Still, Shaw laughs. “I can name some samples on that record that would definitely get them in a shit-ton of trouble,” he says. He won’t reveal specifics, but he does offer one example: in the studio, he and Eric Sadler “were laying down this sort of muffled tone” for a track. “As we were laying it down, Eric looked at me: ‘White boy, you know what that is?’ I have no idea. Eric opened up the filter, and as soon as it was playing full, my jaw just dropped. I was like, ‘You can’t do that!’ He goes, ‘Yes, I can — I just did.’”
The creativity spilled over onto other albums. At the same time that Fear of a Black Planet was being made, Sansano was working with Sonic Youth on their follow-up to Daydream Nation, their major-label debut Goo. “They loved that we worked at Greene Street [studio], too,” Sansano says. “There was no dividing line [between rap and rock groups].”
The line was further erased when Chuck guested on Sonic Youth’s “Kool Thing,” which became Goo’s first single, his raps complementing the buzzing guitars and masterfully sculpted feedback. Sansano still recalls “seeing the track really come to life with Chuck coming in and doing the vocals. There were other [rock] bands that would use the odd sample here and there, but his physical voice has meaning.” The collaboration happened spontaneously. Sansano recalls, “Kim said, ‘It’d be great if we could have a rapper [on the track],’ so I said, ‘I can ask Chuck. He’s here.’ We were in A at that point, and they were in B [at Greene Street]. It wasn’t a grand plan: it was, ‘Oh yeah, it’d be cool, wouldn’t it? Yeah! Let’s see if he wants to do it.’” Chuck was game, and “Kool Thing” was finished, with Gordon mischievously whispering at one point in the song, “Fear of a female planet.”
Sadly, there could have been more Public Enemy-Sonic Youth collaborations in the future, but they never materialized. “I blame myself because I gave up on it,” says Sansano. “I wasn’t persistent enough. I was working on a collaboration where we would do a Side A/Side B 12-inch. They would flip songs: PE was gonna take a Sonic Youth song, and Sonic Youth was gonna take a PE song, and reproduce and remix it. We had a couple of meetings. I don’t even remember what the [songs] were, but we even got that far. But when it got time to actually schedule people and start to work out all the business stuff, it just kept getting waylaid. Looking back, I kick myself. At the time, I was like, ‘All right, well, it’ll happen.’ You have that youthful [enthusiasm]. I’m 51 now, and it didn’t happen.”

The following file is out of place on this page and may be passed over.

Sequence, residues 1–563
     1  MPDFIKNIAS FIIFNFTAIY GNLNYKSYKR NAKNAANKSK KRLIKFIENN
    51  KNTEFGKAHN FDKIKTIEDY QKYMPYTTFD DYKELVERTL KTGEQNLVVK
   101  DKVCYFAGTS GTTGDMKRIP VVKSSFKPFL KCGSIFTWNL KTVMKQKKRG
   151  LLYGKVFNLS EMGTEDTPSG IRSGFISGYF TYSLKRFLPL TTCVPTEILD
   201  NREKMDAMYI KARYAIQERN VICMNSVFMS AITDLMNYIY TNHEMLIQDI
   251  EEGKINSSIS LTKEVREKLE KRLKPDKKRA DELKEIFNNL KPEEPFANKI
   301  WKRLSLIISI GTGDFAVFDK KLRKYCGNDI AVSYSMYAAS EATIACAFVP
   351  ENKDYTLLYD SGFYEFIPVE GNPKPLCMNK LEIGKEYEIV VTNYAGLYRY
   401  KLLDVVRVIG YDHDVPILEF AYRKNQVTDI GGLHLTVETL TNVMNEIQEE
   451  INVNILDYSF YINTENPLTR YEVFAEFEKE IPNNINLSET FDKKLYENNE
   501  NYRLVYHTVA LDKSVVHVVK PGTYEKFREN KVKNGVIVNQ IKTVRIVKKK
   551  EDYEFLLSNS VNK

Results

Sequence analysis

Because of all the turmoil around the making of Fear of a Black Planet, it might surprise some to know that there could have been an additional obstacle. “When Fear was coming out, a lot of bootleg cassettes of it got out before its release date,” remembers Shaw. “Fortunately, this was before the Internet era, so it didn’t get too far out, but a lot of people had copies. [Public Enemy] didn’t feel comfortable leaving a copy of the master at the studio, so right after we finished mastering Fear of a Black Planet, they made two reference CDs, which the guys in the band took, and they made two DAT copies — and they gave me one. They said, ‘Chris, take this DAT and take it to your house. We trust you.’ I said, ‘Yeah, sure, no problem.’ Well, that night, I walked home and I got yanked into a dark doorway by these two guys. One of them held a gun to my head: ‘Give me everything you’ve got now!’”
Never having been mugged before, Shaw tried to remain calm, handing over his wallet, which had about five dollars in it. Unsatisfied, his attackers also demanded his new leather jacket, which he’d purchased on a recent trip to Italy. “As I’m taking it off, I realize that DAT is in the pocket,” Shaw says. “I thought, ‘Oh shit, now what do I do?’ I kinda clumsily took the jacket off and handed it to them upside down, and the DAT falls out of the pocket. The guy looks down at the sidewalk at this little plastic case and says, ‘What the hell is that?’ I said, ‘It’s my answering-machine cassette: do you want that, too?’ He goes, ‘Aw, fuck it,’ and the two of them run off, but not before they took my sneakers.” Shaw laughs. “I walked back to the studio, and I just started punching the wall. Chuck and Hank were like, ‘What’s wrong?’ I said, ‘I just got mugged! They took my jacket, they took my shoes, they took my wallet.’ Chuck was like, ‘Oh, wait … didn’t you have the DAT?’ I’m like, ‘Naw, I got that right here.’ The DAT was worth 10 times more than what I gave them.”
Public Enemy: Inside the Terrordome excerpt courtesy of Omnibus Press. The book is available at Amazon and other fine booksellers. Tim Grierson is a film and music critic who writes for Screen International, Deadspin, Paste, Rolling Stone and The Dissolve. He tweets at @timgrierson.